FireEye has cautioned Malaysian organisations about the heightened risk of cyber espionage in the wake of the country’s political transition and shifts on projects related to the Belt & Road Initiative, which has generated interest from a variety of cyber espionage threat actors.
The Belt and Road Initiative is an ambitious, multi-year project across Asia, Europe, the Middle East, and Africa to develop a land and maritime trade network that will project China’s influence across the greater region. FireEye analysts have observed a pattern of targeting by China-based groups and others against organisations with links to the Belt & Road Initiative.
Additionally, FireEye believes that China-based threat groups have deployed systematic cyber espionage operations against close allies in Southeast Asia, such as the recently reported widespread compromise of the Cambodian political system by TEMP.Periscope which was reported by FireEye.
“Malaysia’s new government has called for a renegotiation of the terms of some Belt & Road projects, which is likely to generate some uncertainty in parties interested in the outcome of these projects and other regional developments. We expect espionage activity against Malaysian organisations will increase in an attempt to gain insight into current events,” said Sandra Joyce, vice president and head of global intelligence operations at FireEye.
“It’s imperative for Malaysian organisations across the public and private sectors to take steps to strategically manage their risk, by understanding who’s likely to target them, why, how, and ensure they are able to quickly detect and respond to these attacks,” continued Joyce.
FireEye believes the Belt & Road Initiative will be a driver of regional cyber threat activity from a variety of actors—including China-based threats groups—to gain an information advantage and collect business intelligence on individual projects and agreements. FireEye has witnessed indications that cyber espionage collection related to the Belt & Road Initiative is increasing. This includes both Chinese cyber espionage activity targeting countries in the region and other nation-state cyber operations targeting Chinese organisations.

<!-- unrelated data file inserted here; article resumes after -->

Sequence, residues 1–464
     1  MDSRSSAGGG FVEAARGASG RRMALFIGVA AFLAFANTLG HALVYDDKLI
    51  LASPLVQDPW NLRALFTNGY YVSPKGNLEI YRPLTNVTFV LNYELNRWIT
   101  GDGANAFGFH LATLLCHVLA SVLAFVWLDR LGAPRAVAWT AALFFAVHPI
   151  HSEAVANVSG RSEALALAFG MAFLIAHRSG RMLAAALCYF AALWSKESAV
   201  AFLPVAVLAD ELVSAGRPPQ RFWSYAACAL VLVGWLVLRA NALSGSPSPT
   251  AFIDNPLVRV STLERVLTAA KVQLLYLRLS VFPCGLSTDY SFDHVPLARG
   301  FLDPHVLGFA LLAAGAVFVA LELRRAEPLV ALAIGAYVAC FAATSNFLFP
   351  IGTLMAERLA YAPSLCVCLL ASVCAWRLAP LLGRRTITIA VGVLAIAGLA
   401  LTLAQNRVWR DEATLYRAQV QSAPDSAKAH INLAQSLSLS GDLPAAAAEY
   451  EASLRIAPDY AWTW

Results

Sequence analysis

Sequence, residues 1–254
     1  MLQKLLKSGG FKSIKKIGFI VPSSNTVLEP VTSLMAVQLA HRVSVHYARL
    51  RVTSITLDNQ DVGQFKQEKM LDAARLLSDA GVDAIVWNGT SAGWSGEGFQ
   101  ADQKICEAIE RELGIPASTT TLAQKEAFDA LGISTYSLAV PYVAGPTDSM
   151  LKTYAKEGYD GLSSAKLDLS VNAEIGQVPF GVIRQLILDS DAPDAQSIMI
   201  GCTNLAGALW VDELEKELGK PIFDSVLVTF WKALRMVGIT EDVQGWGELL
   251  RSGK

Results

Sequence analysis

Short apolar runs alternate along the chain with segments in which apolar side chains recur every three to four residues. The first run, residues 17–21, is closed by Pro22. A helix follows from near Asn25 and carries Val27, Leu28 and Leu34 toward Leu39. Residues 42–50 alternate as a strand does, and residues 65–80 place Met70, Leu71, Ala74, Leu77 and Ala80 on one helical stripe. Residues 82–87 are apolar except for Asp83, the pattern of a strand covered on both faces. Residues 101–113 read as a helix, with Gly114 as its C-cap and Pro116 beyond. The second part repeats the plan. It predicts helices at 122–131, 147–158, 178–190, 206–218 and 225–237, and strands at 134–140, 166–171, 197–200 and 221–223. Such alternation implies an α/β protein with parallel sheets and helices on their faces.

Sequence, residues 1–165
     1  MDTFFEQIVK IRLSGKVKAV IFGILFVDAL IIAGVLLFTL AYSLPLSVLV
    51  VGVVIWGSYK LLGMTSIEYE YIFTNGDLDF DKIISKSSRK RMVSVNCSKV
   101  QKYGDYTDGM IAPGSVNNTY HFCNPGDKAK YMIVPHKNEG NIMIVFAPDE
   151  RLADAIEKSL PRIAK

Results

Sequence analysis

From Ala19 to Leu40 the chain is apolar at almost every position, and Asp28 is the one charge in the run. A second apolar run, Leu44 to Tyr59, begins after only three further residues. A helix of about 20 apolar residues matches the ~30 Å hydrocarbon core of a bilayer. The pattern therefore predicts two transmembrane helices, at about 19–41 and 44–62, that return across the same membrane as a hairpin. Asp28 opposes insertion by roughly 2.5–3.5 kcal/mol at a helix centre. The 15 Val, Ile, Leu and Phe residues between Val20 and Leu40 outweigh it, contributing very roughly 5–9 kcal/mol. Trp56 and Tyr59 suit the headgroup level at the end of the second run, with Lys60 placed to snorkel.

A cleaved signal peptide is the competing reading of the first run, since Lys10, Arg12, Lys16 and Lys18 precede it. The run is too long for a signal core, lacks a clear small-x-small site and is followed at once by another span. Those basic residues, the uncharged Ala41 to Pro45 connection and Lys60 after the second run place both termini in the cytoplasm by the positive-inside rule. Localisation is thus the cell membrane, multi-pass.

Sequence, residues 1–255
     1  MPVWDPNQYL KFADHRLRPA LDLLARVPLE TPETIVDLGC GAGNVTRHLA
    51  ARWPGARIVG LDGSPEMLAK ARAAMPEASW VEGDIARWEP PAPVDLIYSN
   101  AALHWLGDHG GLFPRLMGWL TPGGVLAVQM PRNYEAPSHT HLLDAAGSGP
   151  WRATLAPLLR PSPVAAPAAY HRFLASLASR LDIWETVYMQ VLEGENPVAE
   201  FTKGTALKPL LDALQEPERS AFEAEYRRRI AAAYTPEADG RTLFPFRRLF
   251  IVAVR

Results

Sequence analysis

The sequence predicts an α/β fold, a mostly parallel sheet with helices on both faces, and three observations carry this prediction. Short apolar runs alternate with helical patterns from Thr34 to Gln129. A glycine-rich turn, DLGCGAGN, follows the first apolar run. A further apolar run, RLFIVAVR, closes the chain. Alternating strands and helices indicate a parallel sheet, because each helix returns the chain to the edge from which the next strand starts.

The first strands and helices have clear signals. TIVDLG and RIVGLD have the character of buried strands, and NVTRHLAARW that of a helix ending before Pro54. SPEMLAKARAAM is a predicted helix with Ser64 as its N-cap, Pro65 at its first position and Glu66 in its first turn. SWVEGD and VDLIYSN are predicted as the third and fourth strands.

Based on historic activity, expected targeted sectors include regional governments, academia and think tanks, transportation, construction, manufacturing, energy, mining, and finance.
Asia Pacific findings compound the challenge
Asia Pacific companies took almost five times as long as the global median time to detect cyber attacks according to the M-Trends 2018 report on the preparedness of firms to respond to breaches.
“One reason cyber espionage is prevalent in Southeast Asia is that most organisations are not able to detect the intrusion,” continued Joyce.
M-Trends 2018 data indicates that Asia Pacific organisations which have been victims of a targeted compromise are more likely to be targeted again. Asia Pacific organisations were twice as likely to have experienced multiple incidents from multiple attackers, compared to organisations in EMEA or North America. More than 91 per cent of Asia Pacific organisations which had at least one significant attack attempt were targeted again by the same or a similarly motivated attack group. Of those organisations, 82 per cent had multiple attackers identified.
FireEye representatives briefed reporters on the sidelines of the company’s security conference, Cyber Defense Live Kuala Lumpur. The conference brings together experts from Malaysia and beyond to discuss the latest developments and best practices when it comes to the technology, expertise and intelligence that helps protect Malaysian organisations from attackers.